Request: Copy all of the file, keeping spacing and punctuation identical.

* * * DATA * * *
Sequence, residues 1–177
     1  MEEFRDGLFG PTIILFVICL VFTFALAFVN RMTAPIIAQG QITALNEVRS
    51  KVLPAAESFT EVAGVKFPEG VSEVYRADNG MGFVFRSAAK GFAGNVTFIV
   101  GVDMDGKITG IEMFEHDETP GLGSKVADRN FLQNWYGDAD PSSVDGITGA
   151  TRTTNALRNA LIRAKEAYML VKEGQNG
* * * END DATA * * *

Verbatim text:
Sequence, residues 1–177
     1  MEEFRDGLFG PTIILFVICL VFTFALAFVN RMTAPIIAQG QITALNEVRS
    51  KVLPAAESFT EVAGVKFPEG VSEVYRADNG MGFVFRSAAK GFAGNVTFIV
   101  GVDMDGKITG IEMFEHDETP GLGSKVADRN FLQNWYGDAD PSSVDGITGA
   151  TRTTNALRNA LIRAKEAYML VKEGQNG